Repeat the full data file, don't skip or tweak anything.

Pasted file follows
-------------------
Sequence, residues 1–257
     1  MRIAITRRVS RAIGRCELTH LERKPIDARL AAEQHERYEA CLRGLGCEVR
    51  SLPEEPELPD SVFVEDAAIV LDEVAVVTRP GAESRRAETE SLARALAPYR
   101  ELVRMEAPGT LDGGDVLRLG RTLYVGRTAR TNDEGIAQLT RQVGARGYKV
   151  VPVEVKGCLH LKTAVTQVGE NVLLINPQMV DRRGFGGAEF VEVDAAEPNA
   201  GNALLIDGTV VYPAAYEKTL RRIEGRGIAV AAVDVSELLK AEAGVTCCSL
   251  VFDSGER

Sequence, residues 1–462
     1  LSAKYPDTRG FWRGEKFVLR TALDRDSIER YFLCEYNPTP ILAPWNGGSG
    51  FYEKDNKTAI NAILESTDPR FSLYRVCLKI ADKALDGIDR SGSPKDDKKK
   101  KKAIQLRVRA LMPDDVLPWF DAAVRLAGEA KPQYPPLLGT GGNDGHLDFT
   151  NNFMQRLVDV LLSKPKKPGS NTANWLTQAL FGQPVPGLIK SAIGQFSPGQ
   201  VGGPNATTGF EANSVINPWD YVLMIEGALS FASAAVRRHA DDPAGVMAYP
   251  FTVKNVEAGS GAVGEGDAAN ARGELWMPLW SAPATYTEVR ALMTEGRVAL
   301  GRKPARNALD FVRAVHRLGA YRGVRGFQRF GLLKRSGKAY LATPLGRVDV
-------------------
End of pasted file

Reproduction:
Sequence, residues 1–257
     1  MRIAITRRVS RAIGRCELTH LERKPIDARL AAEQHERYEA CLRGLGCEVR
    51  SLPEEPELPD SVFVEDAAIV LDEVAVVTRP GAESRRAETE SLARALAPYR
   101  ELVRMEAPGT LDGGDVLRLG RTLYVGRTAR TNDEGIAQLT RQVGARGYKV
   151  VPVEVKGCLH LKTAVTQVGE NVLLINPQMV DRRGFGGAEF VEVDAAEPNA
   201  GNALLIDGTV VYPAAYEKTL RRIEGRGIAV AAVDVSELLK AEAGVTCCSL
   251  VFDSGER

Sequence, residues 1–462
     1  LSAKYPDTRG FWRGEKFVLR TALDRDSIER YFLCEYNPTP ILAPWNGGSG
    51  FYEKDNKTAI NAILESTDPR FSLYRVCLKI ADKALDGIDR SGSPKDDKKK
   101  KKAIQLRVRA LMPDDVLPWF DAAVRLAGEA KPQYPPLLGT GGNDGHLDFT
   151  NNFMQRLVDV LLSKPKKPGS NTANWLTQAL FGQPVPGLIK SAIGQFSPGQ
   201  VGGPNATTGF EANSVINPWD YVLMIEGALS FASAAVRRHA DDPAGVMAYP
   251  FTVKNVEAGS GAVGEGDAAN ARGELWMPLW SAPATYTEVR ALMTEGRVAL
   301  GRKPARNALD FVRAVHRLGA YRGVRGFQRF GLLKRSGKAY LATPLGRVDV